Published Saturday, July 11, 2009 | 2:01 a.m.
Updated Wednesday, July 15, 2009 | 2 a.m.
The Hoover Dam bypass bridge is not just an engineering marvel that will route traffic off the dam. The four-lane span, scheduled to open late next year, also paves the way for realizing long-standing hopes of a Las Vegas-to-Phoenix freeway.
The bridge is being constructed to the standards necessary to be part of the proposed Interstate 11, a freeway that governments on both sides of the state line have bought into.
The Regional Transportation Commission of Southern Nevada last week became the latest in a handful of government agencies in Arizona and Nevada to pass a resolution supporting the designation. The Las Vegas City Council passed a similar resolution last month.
It’s not a new idea, though. A loose coalition of planners and businesspeople has been promoting the designation of a Phoenix-Las Vegas interstate since 2007.
The impetus was simple and striking: These are the nation’s only two metropolitan areas of a million-plus people each that are not connected by an interstate highway, according Tom Skancke, a consultant working with parties in both cities on the project.
That same fact was noted, with some incredulity, by the researchers who put together a 2008 Brookings Institution report on the region’s most pressing needs.
One baby step toward the Phoenix-Las Vegas freeway took place two years ago, when the Maricopa Association of Governments in Arizona studied a proposed freeway corridor along the western edge of Phoenix. Dubbed the Hassayampa Freeway, it would connect U.S. 93 north of Wickenburg, Ariz., to Interstate 10 in the southern Phoenix suburbs, according to the study. That would lay the groundwork for Interstate 11 in Phoenix.
The Hassayampa Freeway, however, is still just lines on a piece of paper — a planning document for the towns along the corridor to use in their development agreements for the master-planned communities that have permission to build there, Maricopa Association of Governments Senior Engineer Bob Hazlett said.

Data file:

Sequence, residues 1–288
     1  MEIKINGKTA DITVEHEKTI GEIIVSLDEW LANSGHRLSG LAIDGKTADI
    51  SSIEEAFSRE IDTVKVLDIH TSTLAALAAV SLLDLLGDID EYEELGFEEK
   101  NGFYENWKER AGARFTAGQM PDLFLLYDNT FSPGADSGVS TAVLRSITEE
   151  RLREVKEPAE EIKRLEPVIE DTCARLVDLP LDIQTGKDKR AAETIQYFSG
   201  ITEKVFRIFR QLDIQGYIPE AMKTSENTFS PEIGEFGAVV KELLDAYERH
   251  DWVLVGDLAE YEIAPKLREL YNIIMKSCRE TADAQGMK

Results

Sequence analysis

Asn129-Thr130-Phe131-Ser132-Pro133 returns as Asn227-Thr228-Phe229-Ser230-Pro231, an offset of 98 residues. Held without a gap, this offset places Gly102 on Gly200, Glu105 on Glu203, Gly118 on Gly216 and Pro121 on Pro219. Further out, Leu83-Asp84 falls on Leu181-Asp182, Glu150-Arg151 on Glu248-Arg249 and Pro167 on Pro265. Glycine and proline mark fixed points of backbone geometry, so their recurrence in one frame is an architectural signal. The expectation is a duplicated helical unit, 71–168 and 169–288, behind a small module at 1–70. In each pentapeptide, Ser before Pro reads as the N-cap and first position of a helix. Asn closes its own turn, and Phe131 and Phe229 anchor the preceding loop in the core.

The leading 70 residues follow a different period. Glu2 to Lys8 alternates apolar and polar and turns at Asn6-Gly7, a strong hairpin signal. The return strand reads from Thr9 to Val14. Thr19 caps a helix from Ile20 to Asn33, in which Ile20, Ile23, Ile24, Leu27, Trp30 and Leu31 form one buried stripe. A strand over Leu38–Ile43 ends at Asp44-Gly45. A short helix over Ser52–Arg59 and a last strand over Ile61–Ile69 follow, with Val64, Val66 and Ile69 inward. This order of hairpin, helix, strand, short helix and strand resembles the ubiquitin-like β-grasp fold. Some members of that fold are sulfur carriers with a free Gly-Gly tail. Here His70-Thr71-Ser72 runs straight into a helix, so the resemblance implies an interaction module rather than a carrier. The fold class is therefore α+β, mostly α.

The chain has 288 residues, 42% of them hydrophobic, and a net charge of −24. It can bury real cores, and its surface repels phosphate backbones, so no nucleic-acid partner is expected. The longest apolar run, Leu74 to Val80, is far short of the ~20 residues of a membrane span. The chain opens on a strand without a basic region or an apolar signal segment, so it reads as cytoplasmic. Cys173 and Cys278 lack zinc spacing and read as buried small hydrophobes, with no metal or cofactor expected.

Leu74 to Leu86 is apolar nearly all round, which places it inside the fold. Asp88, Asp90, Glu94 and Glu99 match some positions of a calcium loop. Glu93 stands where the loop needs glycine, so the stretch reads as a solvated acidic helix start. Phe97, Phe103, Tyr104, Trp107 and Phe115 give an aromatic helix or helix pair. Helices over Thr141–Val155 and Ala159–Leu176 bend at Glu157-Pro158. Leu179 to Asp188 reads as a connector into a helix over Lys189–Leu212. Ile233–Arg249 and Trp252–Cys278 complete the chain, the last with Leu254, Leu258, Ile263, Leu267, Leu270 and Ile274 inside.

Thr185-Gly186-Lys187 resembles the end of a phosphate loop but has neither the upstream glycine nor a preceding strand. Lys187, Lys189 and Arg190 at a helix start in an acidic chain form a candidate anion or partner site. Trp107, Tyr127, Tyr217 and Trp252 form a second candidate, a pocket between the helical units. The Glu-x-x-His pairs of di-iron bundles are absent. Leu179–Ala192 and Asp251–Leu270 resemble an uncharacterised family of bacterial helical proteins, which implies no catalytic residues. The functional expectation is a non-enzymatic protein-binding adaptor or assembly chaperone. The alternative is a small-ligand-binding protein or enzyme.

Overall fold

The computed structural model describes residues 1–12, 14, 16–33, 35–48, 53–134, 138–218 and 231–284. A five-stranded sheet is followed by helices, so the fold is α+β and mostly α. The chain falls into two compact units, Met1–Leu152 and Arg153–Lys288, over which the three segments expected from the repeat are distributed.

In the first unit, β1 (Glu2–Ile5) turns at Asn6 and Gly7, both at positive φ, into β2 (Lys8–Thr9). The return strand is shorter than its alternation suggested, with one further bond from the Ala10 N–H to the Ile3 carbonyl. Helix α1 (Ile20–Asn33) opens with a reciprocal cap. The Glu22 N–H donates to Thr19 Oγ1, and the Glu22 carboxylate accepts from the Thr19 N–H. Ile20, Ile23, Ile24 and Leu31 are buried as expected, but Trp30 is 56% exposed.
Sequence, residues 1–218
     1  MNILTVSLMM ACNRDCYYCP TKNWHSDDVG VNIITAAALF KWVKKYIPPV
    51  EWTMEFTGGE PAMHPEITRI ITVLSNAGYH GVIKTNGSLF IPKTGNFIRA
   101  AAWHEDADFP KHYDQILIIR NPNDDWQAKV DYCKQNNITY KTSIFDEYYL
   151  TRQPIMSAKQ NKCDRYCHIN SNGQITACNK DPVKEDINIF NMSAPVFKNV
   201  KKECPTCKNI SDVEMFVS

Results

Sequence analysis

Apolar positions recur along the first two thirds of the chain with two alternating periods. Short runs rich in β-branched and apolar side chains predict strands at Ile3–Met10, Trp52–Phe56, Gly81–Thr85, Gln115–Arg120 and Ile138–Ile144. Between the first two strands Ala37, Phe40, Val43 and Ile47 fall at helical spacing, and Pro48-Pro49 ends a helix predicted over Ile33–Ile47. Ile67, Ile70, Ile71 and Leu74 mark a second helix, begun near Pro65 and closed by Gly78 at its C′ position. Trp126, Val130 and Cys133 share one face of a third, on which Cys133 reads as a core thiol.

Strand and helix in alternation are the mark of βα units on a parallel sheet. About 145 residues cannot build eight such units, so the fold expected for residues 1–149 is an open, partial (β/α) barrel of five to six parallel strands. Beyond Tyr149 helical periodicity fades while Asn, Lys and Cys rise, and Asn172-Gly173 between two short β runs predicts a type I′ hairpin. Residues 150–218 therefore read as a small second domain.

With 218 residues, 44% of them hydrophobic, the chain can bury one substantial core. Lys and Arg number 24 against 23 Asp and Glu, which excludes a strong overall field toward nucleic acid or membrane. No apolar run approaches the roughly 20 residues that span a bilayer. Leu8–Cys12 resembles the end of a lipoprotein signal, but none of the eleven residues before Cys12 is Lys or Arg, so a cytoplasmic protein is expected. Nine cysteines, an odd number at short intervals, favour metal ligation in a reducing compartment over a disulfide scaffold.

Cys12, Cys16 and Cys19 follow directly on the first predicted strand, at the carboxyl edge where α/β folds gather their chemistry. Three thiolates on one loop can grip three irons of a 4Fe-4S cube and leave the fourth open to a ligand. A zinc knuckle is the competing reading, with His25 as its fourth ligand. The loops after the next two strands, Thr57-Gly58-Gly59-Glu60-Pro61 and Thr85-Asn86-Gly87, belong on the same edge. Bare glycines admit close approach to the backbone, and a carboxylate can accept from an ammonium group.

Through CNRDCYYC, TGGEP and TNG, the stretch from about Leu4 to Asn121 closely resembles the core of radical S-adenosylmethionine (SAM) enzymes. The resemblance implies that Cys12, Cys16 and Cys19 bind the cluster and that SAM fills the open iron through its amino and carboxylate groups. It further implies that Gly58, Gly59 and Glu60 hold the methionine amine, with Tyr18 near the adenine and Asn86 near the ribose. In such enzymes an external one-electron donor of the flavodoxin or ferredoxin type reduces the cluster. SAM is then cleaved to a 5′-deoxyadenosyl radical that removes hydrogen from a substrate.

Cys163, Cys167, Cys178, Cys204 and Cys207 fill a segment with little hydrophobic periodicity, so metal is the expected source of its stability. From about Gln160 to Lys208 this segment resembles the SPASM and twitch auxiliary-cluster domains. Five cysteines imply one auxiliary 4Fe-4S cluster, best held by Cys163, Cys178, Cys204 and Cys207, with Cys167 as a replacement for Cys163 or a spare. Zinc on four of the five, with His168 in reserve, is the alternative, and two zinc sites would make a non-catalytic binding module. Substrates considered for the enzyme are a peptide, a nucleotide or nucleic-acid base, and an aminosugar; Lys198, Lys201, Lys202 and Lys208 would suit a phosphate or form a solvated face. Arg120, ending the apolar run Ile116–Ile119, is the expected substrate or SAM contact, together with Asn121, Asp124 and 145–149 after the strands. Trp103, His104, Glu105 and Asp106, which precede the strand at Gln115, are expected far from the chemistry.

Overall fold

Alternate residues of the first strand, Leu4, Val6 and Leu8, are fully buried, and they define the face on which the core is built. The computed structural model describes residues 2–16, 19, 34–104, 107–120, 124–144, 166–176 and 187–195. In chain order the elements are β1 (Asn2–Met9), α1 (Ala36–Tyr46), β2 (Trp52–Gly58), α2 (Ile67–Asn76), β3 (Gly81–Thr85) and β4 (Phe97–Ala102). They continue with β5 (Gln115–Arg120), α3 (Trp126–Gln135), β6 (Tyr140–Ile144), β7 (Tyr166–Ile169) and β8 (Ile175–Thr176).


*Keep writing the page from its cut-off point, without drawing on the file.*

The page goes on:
Interstate 11 is going to take a lot more work. It would require, first, an act of Congress, and then would need massive amounts of money from an already overstretched source.
If Congress designated the new interstate highway, the project would be put in line for money from the federal highway fund. However, that fund is fueled by the gas tax and is declining as car owners drive less and buy more fuel-efficient vehicles, Skancke said.
“You have to recognize it’s going to be tough to get because of the cost,” said Rudy Malfabon, assistant director of the Nevada Transportation Department. An official cost estimate hasn’t even been put together yet, he said.
But, Malfabon added: “On the bright side, you have both states doing improvements.”
And those improvements are paving the way toward an interstate designation. In addition to the bypass bridge, other projects along U.S. 93 in Arizona and Nevada are being built and planned to federal interstate highway standards.
The Arizona Transportation Department for the past 11 years has been widening the highway between Wickenburg and Hoover Dam to four lanes. The two lanes that are being added meet federal interstate standards, Arizona Transportation Department spokeswoman Teresa Welborn said.
If the highway were designated an interstate, only the older two lanes would need to be improved, she said.
And the Nevada Transportation Department has just made changes to the proposed Boulder City Bypass that would bring it to interstate levels, at least until it gets to the Eldorado Mountains approaching Hoover Dam, project manager Glenn Petrenko said. If an interstate were created, that portion could get an exception as a mountainous route, he said.
In fact, maps of the design changes show the first phase of the redesigned bypass labeled as Interstate 515 — an extension of the freeway that connects downtown Las Vegas to Henderson.
The improvements have been designed to make travel from U.S. 95 north from Laughlin to Las Vegas more efficient and to provide local access to planned development in Henderson, Petrenko said, but the Nevada Transportation Department plans to request interstate designation once the roadway is completed.
As the pieces fall into place, Skancke said, the time could be right politically to designate the first new interstate since 1985.
Infrastructure is a priority for Senate Majority Leader Harry Reid, D-Nev., and Sen. Jon Kyle, R-Ariz., as well as for the rest of the congressional delegations of both Nevada and Arizona. It’s also a priority for President Barack Obama, said Skancke, who does lobbying work in the nation’s capital.
“Now is the time to be investing and doing infrastructure projects in the country, especially in this region,” Skancke said.
Reid spokesman Jon Summers confirmed that the Senate majority leader is familiar with the proposal and plans to be helpful.
Phoenix Councilwoman Peggy Neely, who leads the Maricopa Association of Governments, said it may take awhile, but she’s a believer.
One of her children attends UNLV and she owns a home in Clark County, so she makes the trip up U.S. 93 15 to 20 times a year.
“I know what the traffic is out there,” she said. “I know it would be beneficial.”